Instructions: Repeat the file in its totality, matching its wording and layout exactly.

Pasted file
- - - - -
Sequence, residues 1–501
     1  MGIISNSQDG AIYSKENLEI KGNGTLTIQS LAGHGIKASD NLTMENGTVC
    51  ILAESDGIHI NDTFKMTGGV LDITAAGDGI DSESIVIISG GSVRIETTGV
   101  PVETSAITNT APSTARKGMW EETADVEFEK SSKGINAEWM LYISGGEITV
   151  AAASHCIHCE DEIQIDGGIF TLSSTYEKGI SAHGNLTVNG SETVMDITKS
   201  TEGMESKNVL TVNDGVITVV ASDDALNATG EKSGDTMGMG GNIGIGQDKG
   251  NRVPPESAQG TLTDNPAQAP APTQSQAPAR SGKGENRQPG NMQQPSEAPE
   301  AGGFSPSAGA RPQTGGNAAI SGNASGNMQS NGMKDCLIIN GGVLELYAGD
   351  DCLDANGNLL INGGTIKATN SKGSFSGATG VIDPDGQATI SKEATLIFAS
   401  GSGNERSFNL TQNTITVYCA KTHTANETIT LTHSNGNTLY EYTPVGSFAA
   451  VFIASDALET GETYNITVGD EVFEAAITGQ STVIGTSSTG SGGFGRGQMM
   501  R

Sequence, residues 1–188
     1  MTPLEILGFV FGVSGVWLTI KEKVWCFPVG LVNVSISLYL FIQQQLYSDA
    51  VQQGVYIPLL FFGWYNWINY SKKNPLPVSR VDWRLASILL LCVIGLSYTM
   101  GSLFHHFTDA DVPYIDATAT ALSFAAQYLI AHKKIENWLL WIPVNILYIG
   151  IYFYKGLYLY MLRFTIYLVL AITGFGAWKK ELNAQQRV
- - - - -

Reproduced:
Sequence, residues 1–501
     1  MGIISNSQDG AIYSKENLEI KGNGTLTIQS LAGHGIKASD NLTMENGTVC
    51  ILAESDGIHI NDTFKMTGGV LDITAAGDGI DSESIVIISG GSVRIETTGV
   101  PVETSAITNT APSTARKGMW EETADVEFEK SSKGINAEWM LYISGGEITV
   151  AAASHCIHCE DEIQIDGGIF TLSSTYEKGI SAHGNLTVNG SETVMDITKS
   201  TEGMESKNVL TVNDGVITVV ASDDALNATG EKSGDTMGMG GNIGIGQDKG
   251  NRVPPESAQG TLTDNPAQAP APTQSQAPAR SGKGENRQPG NMQQPSEAPE
   301  AGGFSPSAGA RPQTGGNAAI SGNASGNMQS NGMKDCLIIN GGVLELYAGD
   351  DCLDANGNLL INGGTIKATN SKGSFSGATG VIDPDGQATI SKEATLIFAS
   401  GSGNERSFNL TQNTITVYCA KTHTANETIT LTHSNGNTLY EYTPVGSFAA
   451  VFIASDALET GETYNITVGD EVFEAAITGQ STVIGTSSTG SGGFGRGQMM
   501  R

Sequence, residues 1–188
     1  MTPLEILGFV FGVSGVWLTI KEKVWCFPVG LVNVSISLYL FIQQQLYSDA
    51  VQQGVYIPLL FFGWYNWINY SKKNPLPVSR VDWRLASILL LCVIGLSYTM
   101  GSLFHHFTDA DVPYIDATAT ALSFAAQYLI AHKKIENWLL WIPVNILYIG
   151  IYFYKGLYLY MLRFTIYLVL AITGFGAWKK ELNAQQRV